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Foods and Supplements for Ovarian and Uterine Health

by
author image Jill Corleone, RDN, LD
Jill Corleone is a registered dietitian and health coach who has been writing and lecturing on diet and health for more than 15 years. Her work has been featured on the Huffington Post, Diabetes Self-Management and in the book "Noninvasive Mechanical Ventilation," edited by John R. Bach, M.D. Corleone holds a Bachelor of Science in nutrition.
Foods and Supplements for Ovarian and Uterine Health
Small plate of grilled salmon. Photo Credit VankaD/iStock/Getty Images

A woman's reproductive system is complex and plays an important role in her health and well-being. The ovaries house eggs and produce hormones, while the uterus provides nutrition and a home for a growing fetus. What you eat affects the health of your reproductive system. A diet to keep your uterus and ovaries healthy needs to be filled with nutrient-rich foods in the right amounts, with a special emphasis on vitamin D, antioxidants and omega-3 fatty acids. Consult your doctor about your need for additional dietary supplementation.

Start With a Healthy Diet

Good health, no matter what body part you're focusing on, starts with a diet rich in fruits, vegetables, whole grains, low-fat dairy and lean sources of protein such as seafood, poultry and beans. Foods rich in folic acid are important for women during the reproductive years. Getting enough folic acid in your diet decreases risk of birth defects. Citrus, leafy greens, beans and fortified breads and cereals can help you meet your needs.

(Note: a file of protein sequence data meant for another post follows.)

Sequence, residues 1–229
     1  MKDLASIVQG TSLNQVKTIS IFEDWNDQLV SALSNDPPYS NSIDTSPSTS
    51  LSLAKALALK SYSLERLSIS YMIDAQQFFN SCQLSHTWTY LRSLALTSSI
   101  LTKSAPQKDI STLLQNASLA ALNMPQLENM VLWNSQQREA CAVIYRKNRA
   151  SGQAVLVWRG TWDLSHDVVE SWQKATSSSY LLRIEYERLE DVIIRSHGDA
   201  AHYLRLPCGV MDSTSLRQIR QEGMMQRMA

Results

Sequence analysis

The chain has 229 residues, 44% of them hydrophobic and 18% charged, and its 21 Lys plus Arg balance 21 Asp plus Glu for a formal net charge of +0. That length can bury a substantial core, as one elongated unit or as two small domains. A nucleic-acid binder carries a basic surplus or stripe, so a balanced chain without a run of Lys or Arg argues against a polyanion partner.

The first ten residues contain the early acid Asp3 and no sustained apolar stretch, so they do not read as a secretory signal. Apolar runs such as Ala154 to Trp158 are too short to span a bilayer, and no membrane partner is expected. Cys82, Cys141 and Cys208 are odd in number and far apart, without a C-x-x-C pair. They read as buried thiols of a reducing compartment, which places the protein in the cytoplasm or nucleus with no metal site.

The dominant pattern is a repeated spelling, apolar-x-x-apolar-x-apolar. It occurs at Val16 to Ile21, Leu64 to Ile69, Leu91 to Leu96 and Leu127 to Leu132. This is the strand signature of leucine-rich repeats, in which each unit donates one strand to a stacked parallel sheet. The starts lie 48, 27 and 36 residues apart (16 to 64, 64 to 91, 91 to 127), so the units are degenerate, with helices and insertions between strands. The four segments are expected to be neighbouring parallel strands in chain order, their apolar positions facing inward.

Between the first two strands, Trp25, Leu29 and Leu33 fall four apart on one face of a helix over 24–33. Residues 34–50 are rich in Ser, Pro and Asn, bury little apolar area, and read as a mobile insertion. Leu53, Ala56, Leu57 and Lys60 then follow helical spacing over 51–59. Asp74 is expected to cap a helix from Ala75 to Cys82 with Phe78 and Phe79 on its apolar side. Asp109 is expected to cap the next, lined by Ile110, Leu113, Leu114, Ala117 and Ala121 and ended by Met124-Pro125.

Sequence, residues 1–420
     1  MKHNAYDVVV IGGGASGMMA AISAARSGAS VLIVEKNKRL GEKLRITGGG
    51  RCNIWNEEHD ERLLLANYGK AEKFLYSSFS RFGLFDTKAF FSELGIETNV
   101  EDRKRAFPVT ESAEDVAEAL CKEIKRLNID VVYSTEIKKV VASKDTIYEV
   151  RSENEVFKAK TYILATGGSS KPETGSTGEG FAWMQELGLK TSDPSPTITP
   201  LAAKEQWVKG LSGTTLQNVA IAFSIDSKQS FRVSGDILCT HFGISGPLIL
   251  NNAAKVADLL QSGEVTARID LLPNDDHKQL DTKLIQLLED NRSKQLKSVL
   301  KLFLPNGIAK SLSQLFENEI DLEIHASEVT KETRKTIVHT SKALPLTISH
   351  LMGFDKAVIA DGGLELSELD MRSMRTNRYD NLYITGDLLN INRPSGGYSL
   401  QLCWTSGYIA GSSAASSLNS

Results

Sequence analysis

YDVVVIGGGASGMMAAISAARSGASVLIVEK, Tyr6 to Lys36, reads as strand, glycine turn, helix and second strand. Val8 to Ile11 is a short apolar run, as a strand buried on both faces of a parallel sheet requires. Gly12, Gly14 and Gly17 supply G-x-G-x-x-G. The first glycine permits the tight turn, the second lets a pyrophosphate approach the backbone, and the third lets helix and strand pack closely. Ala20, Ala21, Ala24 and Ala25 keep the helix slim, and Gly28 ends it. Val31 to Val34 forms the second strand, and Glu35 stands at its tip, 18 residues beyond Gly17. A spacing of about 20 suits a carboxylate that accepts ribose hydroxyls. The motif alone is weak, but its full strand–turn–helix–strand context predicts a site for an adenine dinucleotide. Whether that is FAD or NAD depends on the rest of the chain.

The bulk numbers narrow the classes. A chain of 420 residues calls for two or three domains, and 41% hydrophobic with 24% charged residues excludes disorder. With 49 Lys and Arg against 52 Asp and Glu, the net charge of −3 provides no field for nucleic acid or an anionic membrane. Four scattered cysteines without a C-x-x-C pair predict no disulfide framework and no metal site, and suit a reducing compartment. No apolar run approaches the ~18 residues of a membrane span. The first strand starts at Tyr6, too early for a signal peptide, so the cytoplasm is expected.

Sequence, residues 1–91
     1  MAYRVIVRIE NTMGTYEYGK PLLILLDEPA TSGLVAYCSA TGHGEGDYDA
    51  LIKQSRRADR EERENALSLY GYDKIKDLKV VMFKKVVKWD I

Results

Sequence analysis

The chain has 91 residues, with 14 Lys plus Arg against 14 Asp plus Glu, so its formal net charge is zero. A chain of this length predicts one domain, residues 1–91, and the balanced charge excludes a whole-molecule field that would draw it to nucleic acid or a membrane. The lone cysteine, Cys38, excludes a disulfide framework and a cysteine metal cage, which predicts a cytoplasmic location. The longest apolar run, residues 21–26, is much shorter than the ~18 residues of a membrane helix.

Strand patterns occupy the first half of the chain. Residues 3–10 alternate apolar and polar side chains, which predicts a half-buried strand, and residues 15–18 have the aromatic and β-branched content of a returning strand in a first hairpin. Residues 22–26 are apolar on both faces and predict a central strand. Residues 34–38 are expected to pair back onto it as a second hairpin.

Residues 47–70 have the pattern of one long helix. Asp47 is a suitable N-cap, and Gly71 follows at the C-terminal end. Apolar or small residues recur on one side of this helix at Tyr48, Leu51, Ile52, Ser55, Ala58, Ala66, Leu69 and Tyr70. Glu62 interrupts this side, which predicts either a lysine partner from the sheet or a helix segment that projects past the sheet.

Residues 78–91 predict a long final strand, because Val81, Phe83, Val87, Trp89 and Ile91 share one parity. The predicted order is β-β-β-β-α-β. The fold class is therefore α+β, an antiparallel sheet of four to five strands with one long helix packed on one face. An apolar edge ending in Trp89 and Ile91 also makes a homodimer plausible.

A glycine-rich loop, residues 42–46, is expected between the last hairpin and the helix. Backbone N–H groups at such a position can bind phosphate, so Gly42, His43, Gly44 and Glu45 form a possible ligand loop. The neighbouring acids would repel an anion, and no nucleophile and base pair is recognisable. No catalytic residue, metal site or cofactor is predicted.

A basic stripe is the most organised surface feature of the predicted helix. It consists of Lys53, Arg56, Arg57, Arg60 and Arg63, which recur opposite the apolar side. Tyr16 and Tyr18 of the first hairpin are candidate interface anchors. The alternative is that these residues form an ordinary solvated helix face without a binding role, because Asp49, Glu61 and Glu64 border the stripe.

Vitamin D

Vitamin D is necessary for bone health. It also plays an important role in ovarian health by altering serum anti-Mullerian hormone, which is a hormone indicative of female fertility, the sensitivity of follicle-stimulating hormone, and progesterone production and release. Vitamin D may be necessary for the growth of your eggs and follicle, which is the shell that surrounds the egg. Vitamin D supplementation may help balance AMH levels in women deficient in vitamin D and women with polycystic ovarian syndrome. Your body can manufacture vitamin D on its own through sun exposure, and you can also get it from food, including salmon, egg yolks, mushrooms and vitamin-fortified milk.

Antioxidants

As you get older, the antioxidants surrounding your eggs decrease, which affects egg nutrition and quality and may reduce your chances of pregnancy. Supplementing your diet with more antioxidant-rich foods may help improve egg and ovarian health. Antioxidants include vitamins A, C and E, selenium and beta carotene. Fill your diet with fruits and vegetables to up your intake of antioxidants, especially berries.

Omega-3 Fatty acids

Omega-3 fatty acids are good not only for your heart, but also for your ovaries and uterus. They play a role in membrane fluidity and cell health and offer protection against oxidative damage. Omega-3s may also be important for the implantation of the embryo. Fatty fish, including salmon and mackerel, are good sources of omega-3 fats. Flaxseeds, walnuts, soybeans, soy oil and pumpkin seeds are also rich in omega-3s.

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